As a result I have researched and studied the acquisition of expertise for over thirty years and, aided by my military instructor profession, discovered through field trials that motor skills in sport can be rapidly developed if task specific practice methods are applied simply by increasing “intensity” then complex motor patterns and sequencing can be reinforced and retained in long term memory in less than three hours a day. In fact it can be converted into a trained reflex which is what most sportsmen and women aspire to. Prof Ericsson may be interested.

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  2. Michael Cregan says:

    I am of the strong opinion that “deliberate practice” as enunciated by Prof Ericsson et al is the most plausible theory in acquiring high skill levels. I and my brother Eamon reached very high levels of skill in Ireland’s national game, Hurling (which is a wilder form of field hockey with no holds barred). From a very young age we had been playing/practising the game for many hours each day, interspersed with other popular games, soccer, Gaelic football etc. However when I was aged fourteen, after ten years of play it was suggested that I switch from my natural way of gripping the hurley(stick)as it was percieved by coaches as unnatural or unorthodox and within a short space of time my skills deteriorated alarmingly. For years I continued to struggle the retain the skills I had developed over the previous ten years. I never succeeded because I could never replicate the amount of practice time I had devoted to acquiring my initial skills and i became a “hurling dyslexic”. The “chunks” of “acquired memory” I had developed with my natural grip were now of no use to me because I now had a new grip and the neuro muscular patterns were never fully developed and reinforced by sufficient practice. Needless to say my standards dropped and I never regained them. It was when I reached my late twenties that I again switched back to the original grip I had as a child that suddenly all the skills that I had developed as a boy came flooding back as if they had never gone away. But at that stage in my career it was too late for me as a player. My brother went on to greater things in Hurling and was percieved as an elite performer.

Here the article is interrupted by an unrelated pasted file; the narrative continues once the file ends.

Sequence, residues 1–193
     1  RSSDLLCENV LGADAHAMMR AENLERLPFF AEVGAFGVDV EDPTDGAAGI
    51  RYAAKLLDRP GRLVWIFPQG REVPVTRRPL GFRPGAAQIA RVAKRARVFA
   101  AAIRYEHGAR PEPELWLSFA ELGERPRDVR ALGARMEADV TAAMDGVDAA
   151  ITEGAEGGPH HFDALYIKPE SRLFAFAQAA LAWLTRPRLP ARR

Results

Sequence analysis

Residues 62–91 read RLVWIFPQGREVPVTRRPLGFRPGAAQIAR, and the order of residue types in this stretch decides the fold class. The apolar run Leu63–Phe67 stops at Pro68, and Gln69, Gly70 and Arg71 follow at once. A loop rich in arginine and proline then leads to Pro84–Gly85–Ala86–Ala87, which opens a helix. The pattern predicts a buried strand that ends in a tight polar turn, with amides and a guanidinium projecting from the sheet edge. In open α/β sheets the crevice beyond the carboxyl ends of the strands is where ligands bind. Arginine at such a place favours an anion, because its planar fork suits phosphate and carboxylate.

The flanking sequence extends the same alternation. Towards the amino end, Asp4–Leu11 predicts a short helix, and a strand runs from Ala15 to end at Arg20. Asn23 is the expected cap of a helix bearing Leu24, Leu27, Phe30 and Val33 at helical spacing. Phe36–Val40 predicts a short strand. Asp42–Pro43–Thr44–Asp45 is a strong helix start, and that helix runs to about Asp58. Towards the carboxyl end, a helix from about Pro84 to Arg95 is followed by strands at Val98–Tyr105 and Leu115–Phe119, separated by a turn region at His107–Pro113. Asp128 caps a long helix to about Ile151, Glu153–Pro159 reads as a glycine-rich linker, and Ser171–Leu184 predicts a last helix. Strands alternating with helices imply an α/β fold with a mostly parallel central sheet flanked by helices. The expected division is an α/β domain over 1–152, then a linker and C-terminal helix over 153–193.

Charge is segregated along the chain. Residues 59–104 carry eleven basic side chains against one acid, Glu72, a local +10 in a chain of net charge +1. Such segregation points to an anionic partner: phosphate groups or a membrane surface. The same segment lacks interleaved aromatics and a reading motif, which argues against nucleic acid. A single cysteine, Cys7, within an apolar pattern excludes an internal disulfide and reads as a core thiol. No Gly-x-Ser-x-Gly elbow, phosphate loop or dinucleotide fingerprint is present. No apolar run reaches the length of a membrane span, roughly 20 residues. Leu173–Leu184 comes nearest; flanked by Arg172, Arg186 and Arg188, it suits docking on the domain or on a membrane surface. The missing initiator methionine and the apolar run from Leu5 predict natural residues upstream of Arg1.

As a result I have researched and studied the acquisition of expertise for over thirty years and, aided by my military instructor profession, discovered through field trials that motor skills in sport can be rapidly developed if task specific practice methods are applied simply by increasing “intensity” then complex motor patterns and sequencing can be reinforced and retained in long term memory in less than three hours a day. In fact it can be converted into a trained reflex which is what most sportsmen and women aspire to. Prof Ericsson may be interested.

    Thumb up 0 Thumb down 0